A publisher is the "person, firm, or corporate body responsible for making a work available to the public" (NISO). Publisher information is usually found on the title page or verso of the title page of a book or the cover of journal issues. Record the name as it appears in the publication.
Publisher name is omitted from references to journal and newspaper articles but is required for all other types of publications (18.104.22.168).
Books and Monographs
Omit the initial 'The' from a publisher name.
Well-known publisher names can be abbreviated. J. B. Lippincott Company becomes Lippincott.
Give the names of divisions within an organization in hierarchial order from highest to lowest, the highest being the familiar to the audience.
For example, he National Weather Service (NWS) is under the National Ocieanic and Atmospheric Administration, which is under the Department of Commerce. Since the NWS is well known, A publication coming from the Climate Predicition Center of the NWS could be given the publisher designation, "National Weather Service (US), Climate Prediction Center."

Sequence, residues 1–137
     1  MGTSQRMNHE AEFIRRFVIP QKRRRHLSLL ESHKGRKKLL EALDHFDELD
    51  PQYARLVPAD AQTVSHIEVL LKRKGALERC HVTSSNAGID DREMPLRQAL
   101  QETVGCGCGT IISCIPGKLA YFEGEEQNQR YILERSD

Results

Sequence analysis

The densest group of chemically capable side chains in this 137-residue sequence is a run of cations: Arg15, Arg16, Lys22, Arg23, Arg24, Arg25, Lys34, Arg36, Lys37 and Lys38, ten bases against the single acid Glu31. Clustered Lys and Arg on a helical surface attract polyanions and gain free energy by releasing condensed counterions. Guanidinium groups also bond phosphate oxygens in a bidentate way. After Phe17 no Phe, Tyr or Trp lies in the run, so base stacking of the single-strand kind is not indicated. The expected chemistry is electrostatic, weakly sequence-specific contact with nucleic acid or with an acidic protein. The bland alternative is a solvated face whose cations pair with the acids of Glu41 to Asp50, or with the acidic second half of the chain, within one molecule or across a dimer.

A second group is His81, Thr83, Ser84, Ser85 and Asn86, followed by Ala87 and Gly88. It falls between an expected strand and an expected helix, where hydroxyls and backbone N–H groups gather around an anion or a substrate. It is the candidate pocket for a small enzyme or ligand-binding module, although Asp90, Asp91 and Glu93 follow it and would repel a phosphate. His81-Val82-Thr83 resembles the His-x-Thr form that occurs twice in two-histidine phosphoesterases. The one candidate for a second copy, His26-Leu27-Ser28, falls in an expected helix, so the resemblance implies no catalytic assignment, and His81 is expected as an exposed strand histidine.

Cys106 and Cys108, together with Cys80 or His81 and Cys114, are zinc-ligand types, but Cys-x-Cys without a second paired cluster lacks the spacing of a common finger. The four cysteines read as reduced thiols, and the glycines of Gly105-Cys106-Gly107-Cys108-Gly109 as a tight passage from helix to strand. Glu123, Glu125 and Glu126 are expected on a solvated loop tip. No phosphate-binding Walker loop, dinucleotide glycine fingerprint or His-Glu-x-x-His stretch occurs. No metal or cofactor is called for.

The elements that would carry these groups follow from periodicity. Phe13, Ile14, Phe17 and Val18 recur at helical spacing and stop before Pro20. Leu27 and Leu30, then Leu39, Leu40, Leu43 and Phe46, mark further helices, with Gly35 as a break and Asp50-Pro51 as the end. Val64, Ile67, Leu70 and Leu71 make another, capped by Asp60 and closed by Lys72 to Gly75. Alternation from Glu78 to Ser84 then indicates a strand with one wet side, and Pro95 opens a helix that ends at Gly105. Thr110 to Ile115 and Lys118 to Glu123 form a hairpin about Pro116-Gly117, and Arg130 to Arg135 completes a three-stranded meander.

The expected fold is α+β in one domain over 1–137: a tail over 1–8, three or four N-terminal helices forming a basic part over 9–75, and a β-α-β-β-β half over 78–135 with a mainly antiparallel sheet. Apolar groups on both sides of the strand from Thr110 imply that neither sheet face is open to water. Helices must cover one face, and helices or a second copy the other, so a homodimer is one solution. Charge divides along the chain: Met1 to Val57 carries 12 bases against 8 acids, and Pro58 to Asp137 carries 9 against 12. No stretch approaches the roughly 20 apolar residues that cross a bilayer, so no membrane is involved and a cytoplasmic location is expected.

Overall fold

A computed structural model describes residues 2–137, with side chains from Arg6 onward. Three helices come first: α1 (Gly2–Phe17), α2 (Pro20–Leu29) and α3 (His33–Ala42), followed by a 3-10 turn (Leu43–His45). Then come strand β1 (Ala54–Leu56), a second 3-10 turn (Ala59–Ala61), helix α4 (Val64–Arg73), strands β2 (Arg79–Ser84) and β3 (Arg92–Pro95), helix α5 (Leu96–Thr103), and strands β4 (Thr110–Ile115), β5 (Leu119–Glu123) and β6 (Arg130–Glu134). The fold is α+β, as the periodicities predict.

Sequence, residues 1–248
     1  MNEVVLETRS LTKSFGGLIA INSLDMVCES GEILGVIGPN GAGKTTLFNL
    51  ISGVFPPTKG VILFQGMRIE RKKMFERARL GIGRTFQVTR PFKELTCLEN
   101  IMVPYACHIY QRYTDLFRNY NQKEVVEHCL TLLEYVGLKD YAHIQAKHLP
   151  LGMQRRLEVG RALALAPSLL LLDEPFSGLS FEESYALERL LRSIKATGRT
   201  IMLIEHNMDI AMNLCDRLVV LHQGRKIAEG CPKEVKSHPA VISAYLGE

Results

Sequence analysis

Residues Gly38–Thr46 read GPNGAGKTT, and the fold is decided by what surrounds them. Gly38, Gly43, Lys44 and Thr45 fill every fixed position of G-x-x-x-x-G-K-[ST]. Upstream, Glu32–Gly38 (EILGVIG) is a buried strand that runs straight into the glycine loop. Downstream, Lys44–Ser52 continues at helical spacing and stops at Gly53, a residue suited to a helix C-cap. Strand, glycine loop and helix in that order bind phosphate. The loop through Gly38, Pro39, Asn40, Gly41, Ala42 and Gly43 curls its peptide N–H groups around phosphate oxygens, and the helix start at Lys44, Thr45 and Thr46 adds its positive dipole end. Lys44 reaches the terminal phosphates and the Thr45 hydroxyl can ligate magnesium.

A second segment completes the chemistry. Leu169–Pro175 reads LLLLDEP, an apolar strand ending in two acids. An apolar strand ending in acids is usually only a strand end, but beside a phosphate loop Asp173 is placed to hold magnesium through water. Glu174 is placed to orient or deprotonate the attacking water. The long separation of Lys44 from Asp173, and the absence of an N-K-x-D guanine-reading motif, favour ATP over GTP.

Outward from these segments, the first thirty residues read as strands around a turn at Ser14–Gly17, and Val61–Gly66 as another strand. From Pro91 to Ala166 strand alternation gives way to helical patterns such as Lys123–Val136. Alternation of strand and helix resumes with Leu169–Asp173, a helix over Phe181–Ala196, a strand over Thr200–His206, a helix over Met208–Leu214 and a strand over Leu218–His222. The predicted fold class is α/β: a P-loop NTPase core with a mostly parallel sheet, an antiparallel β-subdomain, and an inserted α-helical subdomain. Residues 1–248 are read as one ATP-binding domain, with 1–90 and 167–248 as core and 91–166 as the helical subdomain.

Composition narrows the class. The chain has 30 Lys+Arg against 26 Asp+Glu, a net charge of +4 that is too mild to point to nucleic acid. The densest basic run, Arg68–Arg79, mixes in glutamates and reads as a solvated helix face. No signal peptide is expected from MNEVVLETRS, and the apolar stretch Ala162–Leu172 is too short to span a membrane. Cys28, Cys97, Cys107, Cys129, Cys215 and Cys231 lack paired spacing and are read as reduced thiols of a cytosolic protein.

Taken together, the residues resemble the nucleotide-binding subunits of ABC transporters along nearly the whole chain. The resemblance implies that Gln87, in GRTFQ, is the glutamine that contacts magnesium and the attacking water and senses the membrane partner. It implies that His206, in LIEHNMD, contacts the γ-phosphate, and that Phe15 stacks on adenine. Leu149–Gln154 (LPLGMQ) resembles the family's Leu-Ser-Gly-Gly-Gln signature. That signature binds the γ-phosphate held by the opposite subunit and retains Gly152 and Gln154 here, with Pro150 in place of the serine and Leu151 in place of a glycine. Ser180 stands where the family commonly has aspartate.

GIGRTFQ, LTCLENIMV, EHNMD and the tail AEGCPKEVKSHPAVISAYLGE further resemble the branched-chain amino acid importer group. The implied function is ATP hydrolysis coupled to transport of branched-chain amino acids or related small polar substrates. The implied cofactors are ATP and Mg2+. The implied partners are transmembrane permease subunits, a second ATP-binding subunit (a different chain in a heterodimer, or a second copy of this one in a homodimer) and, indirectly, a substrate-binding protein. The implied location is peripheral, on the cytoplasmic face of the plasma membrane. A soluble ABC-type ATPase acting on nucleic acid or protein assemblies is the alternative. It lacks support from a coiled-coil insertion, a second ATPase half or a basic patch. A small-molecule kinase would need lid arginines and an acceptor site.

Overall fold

When the nationality is not included in the publisher name, place the ISO 2-letter country code after the name, as in National Weather Service (US).
If more than one publisher is given, use the first one given or the one most familiar to the audience.
Do not confuse the publisher and the distributor. Common distributors of US government publications are the GPO and the NTIS. Include the distributor as a note.
Levedahl JW, Matsumoto M. U.S. domestic food assistance programs: lessons from the past. Washington (DC): Department of Agriculture (US), Economic Research Service; 1990 Jan. 17 p. Available from: NTIS, Springfield, VA; PB90-182932.
End publisher information with a period.